Iftikhar Serves Notice on Imran: Dawn reports that after putting up with attacks on his integrity for weeks, former chief justice Iftikhar Mohammad Chaudhry finally served a Rs20 billion defamation notice on Pakistan Tehreek-i-Insaf (PTI) chief Imran Khan.
Of the Rs20 billion, Chaudhry is claiming Rs15 billion in damages and Rs5 billion as compensation for the mental agony, harassment and humiliation he and his family has had to face as a result of Khan’s defamatory campaign.
In recent months, Mr Khan has accused the former top judge of “selling himself cheaply” to secure a position for his son Arsalan Iftikhar on the Balochistan Board of Investment, in addition to making allegations regarding the former chief justice’s role in ‘rigging’ the elections in favour of the PML-N.
This is the first defamation notice ever served by a former chief justice of Pakistan to head of a political party.
Iftikhar Chaudhry gives PTI chief 15 days to tender unconditional apology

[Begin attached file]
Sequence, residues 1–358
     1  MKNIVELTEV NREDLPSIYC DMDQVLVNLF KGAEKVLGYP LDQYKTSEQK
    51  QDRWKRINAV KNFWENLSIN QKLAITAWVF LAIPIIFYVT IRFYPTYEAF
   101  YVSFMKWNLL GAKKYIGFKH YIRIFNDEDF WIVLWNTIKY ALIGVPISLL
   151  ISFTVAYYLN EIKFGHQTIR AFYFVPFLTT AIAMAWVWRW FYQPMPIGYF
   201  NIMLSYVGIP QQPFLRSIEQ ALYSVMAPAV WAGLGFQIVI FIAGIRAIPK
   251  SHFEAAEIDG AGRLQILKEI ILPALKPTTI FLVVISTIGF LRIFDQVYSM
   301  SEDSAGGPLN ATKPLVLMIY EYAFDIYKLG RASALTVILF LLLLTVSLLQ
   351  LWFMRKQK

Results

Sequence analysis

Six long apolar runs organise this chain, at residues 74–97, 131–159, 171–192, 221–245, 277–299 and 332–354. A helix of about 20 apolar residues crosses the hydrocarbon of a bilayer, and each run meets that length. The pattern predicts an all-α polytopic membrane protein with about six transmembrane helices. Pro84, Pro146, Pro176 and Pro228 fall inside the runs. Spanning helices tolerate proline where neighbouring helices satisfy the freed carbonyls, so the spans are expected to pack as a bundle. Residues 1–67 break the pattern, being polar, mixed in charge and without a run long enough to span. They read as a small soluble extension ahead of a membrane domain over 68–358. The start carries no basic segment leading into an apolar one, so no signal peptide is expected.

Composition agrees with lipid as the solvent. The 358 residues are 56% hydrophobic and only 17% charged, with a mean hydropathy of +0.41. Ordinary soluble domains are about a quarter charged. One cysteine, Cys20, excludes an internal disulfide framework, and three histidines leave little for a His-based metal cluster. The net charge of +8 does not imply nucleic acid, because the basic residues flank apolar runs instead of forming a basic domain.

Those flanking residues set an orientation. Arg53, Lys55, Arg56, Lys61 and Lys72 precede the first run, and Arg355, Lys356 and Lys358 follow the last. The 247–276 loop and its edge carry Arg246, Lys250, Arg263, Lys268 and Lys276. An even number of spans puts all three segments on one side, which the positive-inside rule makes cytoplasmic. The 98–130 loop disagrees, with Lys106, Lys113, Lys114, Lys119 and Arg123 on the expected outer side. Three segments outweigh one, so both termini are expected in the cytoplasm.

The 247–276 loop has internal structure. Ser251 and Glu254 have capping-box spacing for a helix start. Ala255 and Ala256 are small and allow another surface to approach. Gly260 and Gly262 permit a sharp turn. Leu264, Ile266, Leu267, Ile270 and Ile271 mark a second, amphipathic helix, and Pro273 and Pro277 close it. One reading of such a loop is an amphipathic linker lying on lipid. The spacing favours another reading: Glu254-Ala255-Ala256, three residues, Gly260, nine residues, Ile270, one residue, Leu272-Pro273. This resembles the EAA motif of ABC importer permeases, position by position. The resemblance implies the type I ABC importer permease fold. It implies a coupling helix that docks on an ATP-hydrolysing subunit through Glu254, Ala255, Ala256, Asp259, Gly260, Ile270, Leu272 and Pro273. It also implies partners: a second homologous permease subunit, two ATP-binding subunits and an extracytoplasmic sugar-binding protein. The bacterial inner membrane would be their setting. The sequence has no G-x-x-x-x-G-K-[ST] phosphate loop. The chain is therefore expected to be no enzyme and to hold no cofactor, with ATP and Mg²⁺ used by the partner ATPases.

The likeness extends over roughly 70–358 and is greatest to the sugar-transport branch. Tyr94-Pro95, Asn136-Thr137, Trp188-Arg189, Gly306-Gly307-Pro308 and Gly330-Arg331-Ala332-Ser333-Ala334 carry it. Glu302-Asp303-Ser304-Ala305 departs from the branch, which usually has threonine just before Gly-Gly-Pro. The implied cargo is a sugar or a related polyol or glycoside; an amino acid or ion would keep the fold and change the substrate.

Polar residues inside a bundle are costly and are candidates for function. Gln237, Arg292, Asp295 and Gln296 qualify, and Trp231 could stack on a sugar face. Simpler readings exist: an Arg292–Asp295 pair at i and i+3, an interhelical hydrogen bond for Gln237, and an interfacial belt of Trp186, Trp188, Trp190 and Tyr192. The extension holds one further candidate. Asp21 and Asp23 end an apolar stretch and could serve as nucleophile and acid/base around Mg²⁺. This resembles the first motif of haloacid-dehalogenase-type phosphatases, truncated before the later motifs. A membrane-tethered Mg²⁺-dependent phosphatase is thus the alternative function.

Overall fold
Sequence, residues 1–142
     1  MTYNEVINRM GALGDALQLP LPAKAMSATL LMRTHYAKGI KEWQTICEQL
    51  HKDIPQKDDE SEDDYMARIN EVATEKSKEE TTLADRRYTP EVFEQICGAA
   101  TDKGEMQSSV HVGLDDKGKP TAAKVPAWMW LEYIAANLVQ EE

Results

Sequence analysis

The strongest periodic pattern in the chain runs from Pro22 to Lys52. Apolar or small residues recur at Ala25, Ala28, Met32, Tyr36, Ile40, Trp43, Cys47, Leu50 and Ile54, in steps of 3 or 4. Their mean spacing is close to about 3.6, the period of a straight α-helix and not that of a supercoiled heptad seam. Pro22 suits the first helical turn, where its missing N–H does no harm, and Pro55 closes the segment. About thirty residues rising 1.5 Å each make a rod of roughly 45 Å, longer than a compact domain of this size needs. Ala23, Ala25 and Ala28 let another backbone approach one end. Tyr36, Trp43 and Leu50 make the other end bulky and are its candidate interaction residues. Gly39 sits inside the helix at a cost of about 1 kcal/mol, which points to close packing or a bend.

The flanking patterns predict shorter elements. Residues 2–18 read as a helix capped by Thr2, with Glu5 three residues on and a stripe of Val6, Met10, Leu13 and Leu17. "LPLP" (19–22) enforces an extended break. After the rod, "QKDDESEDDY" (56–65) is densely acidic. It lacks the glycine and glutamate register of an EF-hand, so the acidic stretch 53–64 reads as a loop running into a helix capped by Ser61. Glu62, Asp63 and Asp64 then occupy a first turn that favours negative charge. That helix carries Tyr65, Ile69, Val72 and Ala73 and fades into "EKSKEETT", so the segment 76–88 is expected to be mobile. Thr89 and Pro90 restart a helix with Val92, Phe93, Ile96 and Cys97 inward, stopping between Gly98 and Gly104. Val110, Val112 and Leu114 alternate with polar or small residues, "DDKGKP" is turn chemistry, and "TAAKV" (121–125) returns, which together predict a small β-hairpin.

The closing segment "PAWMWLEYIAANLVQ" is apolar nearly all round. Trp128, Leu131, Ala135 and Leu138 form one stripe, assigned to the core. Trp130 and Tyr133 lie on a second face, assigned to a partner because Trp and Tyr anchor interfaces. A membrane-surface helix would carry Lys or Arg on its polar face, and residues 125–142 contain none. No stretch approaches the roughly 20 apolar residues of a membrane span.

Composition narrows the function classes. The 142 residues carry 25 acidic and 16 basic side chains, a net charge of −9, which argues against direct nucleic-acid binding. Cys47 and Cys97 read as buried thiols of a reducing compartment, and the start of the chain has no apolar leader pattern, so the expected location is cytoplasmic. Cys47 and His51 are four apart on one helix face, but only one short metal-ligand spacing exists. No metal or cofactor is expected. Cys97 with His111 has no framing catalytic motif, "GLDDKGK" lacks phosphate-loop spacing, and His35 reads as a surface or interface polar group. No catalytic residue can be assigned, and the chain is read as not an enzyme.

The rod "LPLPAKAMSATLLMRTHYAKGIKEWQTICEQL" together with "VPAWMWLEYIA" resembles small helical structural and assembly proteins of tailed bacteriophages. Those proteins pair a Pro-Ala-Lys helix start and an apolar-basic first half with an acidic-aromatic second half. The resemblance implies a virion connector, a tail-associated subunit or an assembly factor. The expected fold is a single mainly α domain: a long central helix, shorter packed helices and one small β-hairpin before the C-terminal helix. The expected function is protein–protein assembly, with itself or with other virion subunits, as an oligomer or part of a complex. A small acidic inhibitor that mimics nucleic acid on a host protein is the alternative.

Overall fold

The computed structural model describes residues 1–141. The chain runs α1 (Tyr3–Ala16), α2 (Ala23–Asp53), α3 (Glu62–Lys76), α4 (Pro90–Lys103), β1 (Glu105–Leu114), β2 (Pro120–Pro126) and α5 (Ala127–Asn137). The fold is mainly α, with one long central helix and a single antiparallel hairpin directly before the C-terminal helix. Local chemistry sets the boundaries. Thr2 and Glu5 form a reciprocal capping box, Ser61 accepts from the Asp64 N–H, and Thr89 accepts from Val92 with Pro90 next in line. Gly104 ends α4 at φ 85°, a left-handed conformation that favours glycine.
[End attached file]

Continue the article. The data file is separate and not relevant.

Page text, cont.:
Copies of the notice were shared with the press at the Supreme Court by Sheikh Ehsanuddin, former president of the Rawalpindi High Court Bar Association (RHCBA), Islamabad District Bar President Naseer Kiani and former RHCBA President Taufiq Asif.
“I have no desire to use the damages that shall be recovered from you for my personal gain. This sum, once recovered, shall be dedicated to an honourable cause, for furthering of a national institution and for the welfare of the downtrodden sections of our society,” the retired Justice Chaudhry said in the notice.
But the defamation suit, filed under Section 8 of the Defamation Ordinance of 2002, also contains an offer to withdraw the claim if Mr Khan tenders an unconditional apology or agrees to pay the damages within 14 days.
“Otherwise, I would have no option except to bring a civil action against you before the competent forum in accordance with law,” the notice warned, adding that civil and criminal proceedings would be initiated against Mr Khan both inside and outside Pakistan if an unconditional apology was not tendered.